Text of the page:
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Open Access Research article

Decrease in seroprevalence of Hepatitis A after the implementation of nationwide disposable tableware use in Taiwan

Shih-Bin Su12, Ching-Yih Lin3, Ming-Jen Sheu3, Wei-Chih Kan4, Hsien-Yi Wang4 and How-Ran Guo5678*

Author Affiliations

1 Department of Family Medicine, Chi-Mei Medical Center, Tainan, Taiwan

2 Institute of Biomedical Engineering, Southern Taiwan University, Tainan, Taiwan

3 Department of Gastroenterology, Chi-Mei Medical Center, Tainan, Taiwan

4 Department of Nephrology, Chi-Mei Medical Center, Tainan, Taiwan

5 Department of Environmental and Occupational Health, College of Medicine, National Cheng Kung University, Tainan, Taiwan

6 Department of Occupational and Environmental Medicine, National Cheng Kung University Hospital, Tainan, Taiwan

7 Sustainable Environment Research Center, National Cheng Kung University, Tainan, Taiwan

8 Center for Occupational and Environmental Health and Preventive Medicine, National Cheng Kung University, Tainan, Taiwan

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BMC Public Health 2010, 10:719  doi:10.1186/1471-2458-10-719

Published: 23 November 2010



Taiwan is an endemic area of viral hepatitis, including hepatitis A, which is transmitted mainly from the fecal-oral route. In order to reduce the transmission through food intake, the government implemented a policy of nationwide disposal tableware use in public eating places in 1982. We conducted a study to estimate the seroprevalence of Hepatitis A in a group of workers in Taiwan in 2005, determine the risk factors, and compare seroprevalence to published estimates in Taiwan to evaluate changes in the seroprevalence after the implementation of the nationwide disposal tableware use.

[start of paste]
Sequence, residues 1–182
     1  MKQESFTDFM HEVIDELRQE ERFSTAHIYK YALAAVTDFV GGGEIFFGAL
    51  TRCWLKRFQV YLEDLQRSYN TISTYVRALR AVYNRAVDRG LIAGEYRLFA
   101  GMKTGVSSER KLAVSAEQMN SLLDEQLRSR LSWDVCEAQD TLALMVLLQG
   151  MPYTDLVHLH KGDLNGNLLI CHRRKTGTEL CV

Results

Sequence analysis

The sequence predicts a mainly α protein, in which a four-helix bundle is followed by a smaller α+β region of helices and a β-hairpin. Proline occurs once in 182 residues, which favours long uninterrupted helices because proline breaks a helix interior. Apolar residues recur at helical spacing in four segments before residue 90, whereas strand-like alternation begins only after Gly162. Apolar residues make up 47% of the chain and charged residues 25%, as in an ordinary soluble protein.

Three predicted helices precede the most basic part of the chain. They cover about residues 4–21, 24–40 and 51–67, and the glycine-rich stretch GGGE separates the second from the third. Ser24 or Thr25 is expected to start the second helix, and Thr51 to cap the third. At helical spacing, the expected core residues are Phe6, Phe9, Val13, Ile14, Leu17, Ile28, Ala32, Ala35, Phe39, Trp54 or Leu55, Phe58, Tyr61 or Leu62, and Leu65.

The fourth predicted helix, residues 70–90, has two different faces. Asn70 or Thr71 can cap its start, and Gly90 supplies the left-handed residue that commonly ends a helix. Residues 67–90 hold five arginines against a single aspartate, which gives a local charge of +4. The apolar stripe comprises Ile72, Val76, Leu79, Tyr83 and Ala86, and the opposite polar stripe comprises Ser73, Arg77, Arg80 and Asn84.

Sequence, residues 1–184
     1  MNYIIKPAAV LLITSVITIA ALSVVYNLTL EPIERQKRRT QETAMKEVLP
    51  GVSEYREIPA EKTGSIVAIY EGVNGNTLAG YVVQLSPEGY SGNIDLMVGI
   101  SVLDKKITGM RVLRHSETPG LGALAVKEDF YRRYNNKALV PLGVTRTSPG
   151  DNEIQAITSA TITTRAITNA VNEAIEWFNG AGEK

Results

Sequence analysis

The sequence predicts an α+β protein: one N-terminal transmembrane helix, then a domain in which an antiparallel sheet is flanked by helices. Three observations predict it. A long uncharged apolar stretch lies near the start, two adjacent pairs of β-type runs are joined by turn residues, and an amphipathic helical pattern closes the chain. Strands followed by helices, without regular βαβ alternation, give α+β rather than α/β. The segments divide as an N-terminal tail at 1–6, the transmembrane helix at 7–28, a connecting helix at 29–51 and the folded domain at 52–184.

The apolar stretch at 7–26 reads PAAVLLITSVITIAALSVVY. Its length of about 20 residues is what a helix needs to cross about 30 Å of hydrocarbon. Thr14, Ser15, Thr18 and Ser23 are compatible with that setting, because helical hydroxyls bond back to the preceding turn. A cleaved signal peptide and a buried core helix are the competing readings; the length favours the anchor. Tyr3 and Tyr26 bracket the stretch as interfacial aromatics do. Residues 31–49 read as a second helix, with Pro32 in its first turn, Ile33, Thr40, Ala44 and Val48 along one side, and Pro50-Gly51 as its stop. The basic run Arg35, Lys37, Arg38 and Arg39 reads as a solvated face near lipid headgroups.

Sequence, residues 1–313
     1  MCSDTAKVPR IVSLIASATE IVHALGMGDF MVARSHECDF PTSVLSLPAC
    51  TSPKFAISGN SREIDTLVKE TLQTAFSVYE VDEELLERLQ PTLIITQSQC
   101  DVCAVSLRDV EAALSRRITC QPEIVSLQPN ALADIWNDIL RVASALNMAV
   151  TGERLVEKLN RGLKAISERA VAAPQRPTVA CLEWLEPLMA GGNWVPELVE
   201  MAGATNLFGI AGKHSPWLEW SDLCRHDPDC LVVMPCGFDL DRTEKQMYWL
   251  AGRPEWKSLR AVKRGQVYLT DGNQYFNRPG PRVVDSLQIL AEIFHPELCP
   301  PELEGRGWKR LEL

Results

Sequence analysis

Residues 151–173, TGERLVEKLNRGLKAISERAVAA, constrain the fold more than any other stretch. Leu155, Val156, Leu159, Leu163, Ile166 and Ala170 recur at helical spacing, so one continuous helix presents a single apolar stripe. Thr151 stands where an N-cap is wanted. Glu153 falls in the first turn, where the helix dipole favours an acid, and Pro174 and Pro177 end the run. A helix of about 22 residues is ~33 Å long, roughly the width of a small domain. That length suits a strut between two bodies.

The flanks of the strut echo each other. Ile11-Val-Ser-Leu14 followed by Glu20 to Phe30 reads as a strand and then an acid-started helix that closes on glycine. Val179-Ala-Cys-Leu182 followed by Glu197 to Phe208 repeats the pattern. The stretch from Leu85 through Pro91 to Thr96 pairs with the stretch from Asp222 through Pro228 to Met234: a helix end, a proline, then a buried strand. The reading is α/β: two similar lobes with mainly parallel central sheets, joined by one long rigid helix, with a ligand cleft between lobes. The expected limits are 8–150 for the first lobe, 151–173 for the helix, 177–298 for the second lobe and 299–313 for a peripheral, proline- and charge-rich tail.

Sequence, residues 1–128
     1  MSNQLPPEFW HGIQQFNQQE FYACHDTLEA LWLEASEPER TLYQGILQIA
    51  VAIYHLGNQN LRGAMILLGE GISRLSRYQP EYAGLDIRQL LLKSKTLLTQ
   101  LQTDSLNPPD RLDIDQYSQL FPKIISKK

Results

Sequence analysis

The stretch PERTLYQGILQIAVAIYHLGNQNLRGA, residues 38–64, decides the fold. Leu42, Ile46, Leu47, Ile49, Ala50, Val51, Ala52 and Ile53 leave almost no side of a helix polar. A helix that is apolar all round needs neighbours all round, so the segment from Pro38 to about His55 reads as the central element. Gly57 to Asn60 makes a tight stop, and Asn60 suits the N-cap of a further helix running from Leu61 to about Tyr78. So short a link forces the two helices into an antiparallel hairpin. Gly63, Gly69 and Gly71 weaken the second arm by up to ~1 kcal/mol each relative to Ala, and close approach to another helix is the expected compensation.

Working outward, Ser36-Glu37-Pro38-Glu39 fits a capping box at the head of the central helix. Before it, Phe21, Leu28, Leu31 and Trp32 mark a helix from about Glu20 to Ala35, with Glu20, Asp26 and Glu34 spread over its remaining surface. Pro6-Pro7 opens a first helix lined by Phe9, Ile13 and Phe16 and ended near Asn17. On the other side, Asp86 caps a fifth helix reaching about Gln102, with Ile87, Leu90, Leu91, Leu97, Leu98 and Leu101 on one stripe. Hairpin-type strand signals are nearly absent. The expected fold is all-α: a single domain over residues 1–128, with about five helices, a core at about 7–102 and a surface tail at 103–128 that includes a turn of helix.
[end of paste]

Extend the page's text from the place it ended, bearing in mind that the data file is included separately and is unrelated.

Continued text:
We recruited workers of an industrial park during their annual health examinations in 2005 and measured their anti-hepatitis A virus IgG titer using microparticle enzyme immunoassay. We compared the seroprevalence across different birth cohorts within the study population and also analyzed data from previous studies.


The overall sero-positive rate was 22.0% in the 11,777 participants. The rate was much lower among those who were covered by the program since birth (born after 1982) in comparison with those who were not (2.7% vs. 25.3%, p < 0.001). From the analyses of data from pervious studies, we found the age-specific rates were similar in cohorts born in or after 1982 across studies conducted in different time periods but decreased with the calendar year in cohorts born before 1982. In particular, the age-specific seroprevalence dropped to less than one third in a three-year period among those who were born around 1982.


Data from both the current and previous studies in different time periods supported the effectiveness of disposal tableware in preventing the transmission of hepatitis A.